One of my favorite automotive conspiracy theories is that Porsche is intentionally withholding the Cayman to protect the sanctity of the 911. It’s so silly. And having hit the track in the new GT4 RS, I have to ask: how could a Cayman be better than this?
The RS is much more than just a hotter GT4, and we actually have the 911 to thank for a big part of this update. Porsche incorporated the front end of a 991-generation 911 Carrera 4S into the GT4 body structure, helping to make the RS stiffer, but also allowing it to be fitted with an electronic front axle lift , which no other Cayman offers. The RS’s hood and front fenders are made from carbon fiber, and the air vents in the wheel arches are excellent for aerodynamics and brake cooling, plus they look awesome. Ditto for the side air ducts that replace the Cayman’s rear quarter windows.
These side ducts feed a naturally aspirated 4.0-liter flat-6 engine, but it’s not the same one used in the. The RS receives the engine from the — itself a version of the powertrain used in the race car – which develops 493 horsepower and 331 lb-ft of torque. Of course, it’s not the digital specs that really matter here. The 9,000 RPM redline of linear power is what makes this engine such a catch. Combine that with side vents and the sound the thing makes at full groan is amazing.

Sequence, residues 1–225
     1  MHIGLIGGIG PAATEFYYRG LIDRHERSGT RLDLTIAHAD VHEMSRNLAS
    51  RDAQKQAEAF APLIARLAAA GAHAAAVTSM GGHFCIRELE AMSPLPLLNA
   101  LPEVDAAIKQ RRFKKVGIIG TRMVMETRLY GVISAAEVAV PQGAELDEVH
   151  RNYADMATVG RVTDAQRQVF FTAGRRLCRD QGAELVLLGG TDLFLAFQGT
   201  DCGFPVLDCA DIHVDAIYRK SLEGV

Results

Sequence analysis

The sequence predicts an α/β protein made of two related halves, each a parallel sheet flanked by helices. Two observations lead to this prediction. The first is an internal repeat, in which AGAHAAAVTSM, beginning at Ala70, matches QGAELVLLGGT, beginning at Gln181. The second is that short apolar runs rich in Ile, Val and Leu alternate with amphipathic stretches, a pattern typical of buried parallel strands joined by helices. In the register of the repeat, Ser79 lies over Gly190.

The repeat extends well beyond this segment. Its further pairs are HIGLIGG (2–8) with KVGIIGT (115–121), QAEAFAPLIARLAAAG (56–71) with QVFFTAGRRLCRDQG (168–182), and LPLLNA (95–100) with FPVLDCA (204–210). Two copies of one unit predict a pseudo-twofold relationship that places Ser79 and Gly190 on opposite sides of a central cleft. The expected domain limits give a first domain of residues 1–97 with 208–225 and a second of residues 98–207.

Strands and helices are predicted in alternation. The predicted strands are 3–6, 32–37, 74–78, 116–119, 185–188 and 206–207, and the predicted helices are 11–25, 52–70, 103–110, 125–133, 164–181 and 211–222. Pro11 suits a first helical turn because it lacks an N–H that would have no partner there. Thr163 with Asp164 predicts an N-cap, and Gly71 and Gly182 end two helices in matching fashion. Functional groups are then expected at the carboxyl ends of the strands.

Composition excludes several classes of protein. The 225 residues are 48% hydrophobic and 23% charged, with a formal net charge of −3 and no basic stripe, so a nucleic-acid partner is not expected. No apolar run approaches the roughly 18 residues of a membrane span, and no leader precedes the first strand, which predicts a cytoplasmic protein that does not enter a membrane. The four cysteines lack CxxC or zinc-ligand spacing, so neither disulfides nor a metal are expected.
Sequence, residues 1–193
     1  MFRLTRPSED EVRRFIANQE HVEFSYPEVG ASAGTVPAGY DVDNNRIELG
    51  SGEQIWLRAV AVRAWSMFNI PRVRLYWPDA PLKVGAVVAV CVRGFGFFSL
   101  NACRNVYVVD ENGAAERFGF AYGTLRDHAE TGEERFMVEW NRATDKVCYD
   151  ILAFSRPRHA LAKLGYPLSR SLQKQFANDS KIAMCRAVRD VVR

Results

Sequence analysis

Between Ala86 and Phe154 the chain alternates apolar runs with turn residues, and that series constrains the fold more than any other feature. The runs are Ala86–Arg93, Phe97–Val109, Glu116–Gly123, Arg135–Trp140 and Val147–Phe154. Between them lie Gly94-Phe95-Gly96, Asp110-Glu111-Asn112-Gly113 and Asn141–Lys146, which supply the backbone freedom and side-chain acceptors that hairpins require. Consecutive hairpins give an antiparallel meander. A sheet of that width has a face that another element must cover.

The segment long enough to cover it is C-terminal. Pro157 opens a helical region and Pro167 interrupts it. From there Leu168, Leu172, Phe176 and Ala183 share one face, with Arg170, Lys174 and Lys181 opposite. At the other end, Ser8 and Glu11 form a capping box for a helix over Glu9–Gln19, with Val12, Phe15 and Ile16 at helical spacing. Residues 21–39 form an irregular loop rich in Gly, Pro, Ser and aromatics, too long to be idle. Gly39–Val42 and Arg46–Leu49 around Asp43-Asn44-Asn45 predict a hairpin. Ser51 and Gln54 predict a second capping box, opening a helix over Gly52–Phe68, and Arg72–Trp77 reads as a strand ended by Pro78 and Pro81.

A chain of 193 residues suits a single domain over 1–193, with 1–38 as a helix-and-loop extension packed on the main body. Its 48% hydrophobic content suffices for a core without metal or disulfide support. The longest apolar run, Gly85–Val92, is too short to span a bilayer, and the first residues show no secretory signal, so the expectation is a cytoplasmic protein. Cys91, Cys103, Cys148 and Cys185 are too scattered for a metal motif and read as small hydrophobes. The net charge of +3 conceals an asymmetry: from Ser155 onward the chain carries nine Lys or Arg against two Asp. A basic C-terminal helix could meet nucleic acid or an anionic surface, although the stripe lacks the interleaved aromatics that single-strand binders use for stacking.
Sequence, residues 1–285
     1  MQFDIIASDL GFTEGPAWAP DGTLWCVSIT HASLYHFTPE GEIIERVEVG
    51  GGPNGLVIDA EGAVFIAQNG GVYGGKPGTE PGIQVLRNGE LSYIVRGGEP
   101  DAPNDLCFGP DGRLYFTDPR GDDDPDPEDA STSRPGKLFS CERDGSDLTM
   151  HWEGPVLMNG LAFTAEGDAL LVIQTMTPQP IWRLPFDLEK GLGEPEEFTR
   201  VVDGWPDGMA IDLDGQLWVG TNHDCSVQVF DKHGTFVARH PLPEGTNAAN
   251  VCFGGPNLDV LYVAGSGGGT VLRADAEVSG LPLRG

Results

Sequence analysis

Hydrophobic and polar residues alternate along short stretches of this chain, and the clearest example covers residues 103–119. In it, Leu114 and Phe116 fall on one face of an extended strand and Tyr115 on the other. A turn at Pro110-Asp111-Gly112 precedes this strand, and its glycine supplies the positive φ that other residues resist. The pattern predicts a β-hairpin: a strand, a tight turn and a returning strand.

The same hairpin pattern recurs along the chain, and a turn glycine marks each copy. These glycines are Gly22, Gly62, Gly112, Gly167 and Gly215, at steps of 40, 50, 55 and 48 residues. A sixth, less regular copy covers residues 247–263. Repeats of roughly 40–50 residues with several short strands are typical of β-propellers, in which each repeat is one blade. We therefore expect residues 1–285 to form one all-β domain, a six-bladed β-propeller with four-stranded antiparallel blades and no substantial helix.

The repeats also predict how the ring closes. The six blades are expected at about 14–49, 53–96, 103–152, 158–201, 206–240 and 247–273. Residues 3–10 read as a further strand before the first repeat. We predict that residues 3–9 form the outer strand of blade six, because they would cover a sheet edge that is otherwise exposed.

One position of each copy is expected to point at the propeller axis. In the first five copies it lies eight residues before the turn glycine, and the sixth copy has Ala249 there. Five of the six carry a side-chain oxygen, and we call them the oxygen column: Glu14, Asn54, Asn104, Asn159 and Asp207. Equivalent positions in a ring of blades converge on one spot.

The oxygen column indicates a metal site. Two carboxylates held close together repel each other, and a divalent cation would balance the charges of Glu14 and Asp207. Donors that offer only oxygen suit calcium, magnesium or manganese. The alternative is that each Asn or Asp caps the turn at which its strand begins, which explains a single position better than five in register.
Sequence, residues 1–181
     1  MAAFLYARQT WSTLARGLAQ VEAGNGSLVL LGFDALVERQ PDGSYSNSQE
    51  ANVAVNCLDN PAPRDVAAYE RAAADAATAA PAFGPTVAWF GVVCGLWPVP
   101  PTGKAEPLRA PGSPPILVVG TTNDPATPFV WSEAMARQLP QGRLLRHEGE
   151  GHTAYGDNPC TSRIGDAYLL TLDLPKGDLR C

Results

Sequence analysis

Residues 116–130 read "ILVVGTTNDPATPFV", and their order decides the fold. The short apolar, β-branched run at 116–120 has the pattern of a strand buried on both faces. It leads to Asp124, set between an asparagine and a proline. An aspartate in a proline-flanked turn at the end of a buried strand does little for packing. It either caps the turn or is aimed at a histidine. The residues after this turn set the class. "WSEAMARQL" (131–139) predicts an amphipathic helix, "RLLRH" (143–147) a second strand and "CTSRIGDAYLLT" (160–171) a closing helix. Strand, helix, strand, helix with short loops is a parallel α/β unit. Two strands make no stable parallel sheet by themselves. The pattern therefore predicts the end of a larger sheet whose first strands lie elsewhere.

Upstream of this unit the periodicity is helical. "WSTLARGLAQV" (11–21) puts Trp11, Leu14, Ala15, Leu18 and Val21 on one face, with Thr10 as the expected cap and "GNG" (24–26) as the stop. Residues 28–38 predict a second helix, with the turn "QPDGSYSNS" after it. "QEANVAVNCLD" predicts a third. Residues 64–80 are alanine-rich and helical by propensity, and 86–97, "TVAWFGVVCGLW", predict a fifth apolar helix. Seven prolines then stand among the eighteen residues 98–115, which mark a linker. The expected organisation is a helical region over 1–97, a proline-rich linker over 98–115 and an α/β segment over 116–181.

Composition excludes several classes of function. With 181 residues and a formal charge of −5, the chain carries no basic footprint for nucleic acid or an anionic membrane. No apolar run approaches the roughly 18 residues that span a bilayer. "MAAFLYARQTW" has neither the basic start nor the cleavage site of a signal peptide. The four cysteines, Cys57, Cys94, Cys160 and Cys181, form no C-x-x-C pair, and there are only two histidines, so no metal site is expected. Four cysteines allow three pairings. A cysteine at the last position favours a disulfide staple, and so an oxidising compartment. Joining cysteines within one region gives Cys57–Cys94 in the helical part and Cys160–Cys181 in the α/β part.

You can only get the Cayman GT4 RS with Porsche’s seven-speed PDK dual-clutch gearbox, and it has the same tuning as the transmission used in the newer. The shifter is the same faux-manual stick from the new GT3, and there are little paddles on the steering wheel if you feel like making the decisions. But circling the tight, technical race track of Streets of Willow in California (in counter-clockwise configuration, no less!), I never had a burning desire to take in charge of changing tasks. PDK knows better.
The Porsche 718’s chassis is one of the best around, and it only gets better the higher up the Cayman pecking order you go. The RS has unique shocks and significantly stiffer spring rates, both a boon for flat handling, but likely to make this thing somewhat brutal on public roads. (It’s an RS, what did you expect?) The retuned suspension means the RS sits 1.2 inches lower than a base Cayman, crouched on 20-inch center-lock wheels wrapped in 245/35 front and 295/30 rear Michelin Pilot Sport Cup 2 tyres. Like the 911 GT3, Super Sticky Cup 2 R rubbers are available, although Porsche will run you through the dealer, not the car. ‘plant.
The RS has bigger brakes than a regular GT4 (carbon ceramic is optional) and it also has a huge gooseneck wing. You can brake late in the corners and reduce speed quickly, knowing that the RS’s aero tricks won’t dive the front or rear end during hard stops. It’s great for descending the hill on what would normally be the front of Streets straight away, and braking hard as you enter the skidpad for a sharp left turn toward Turn 1.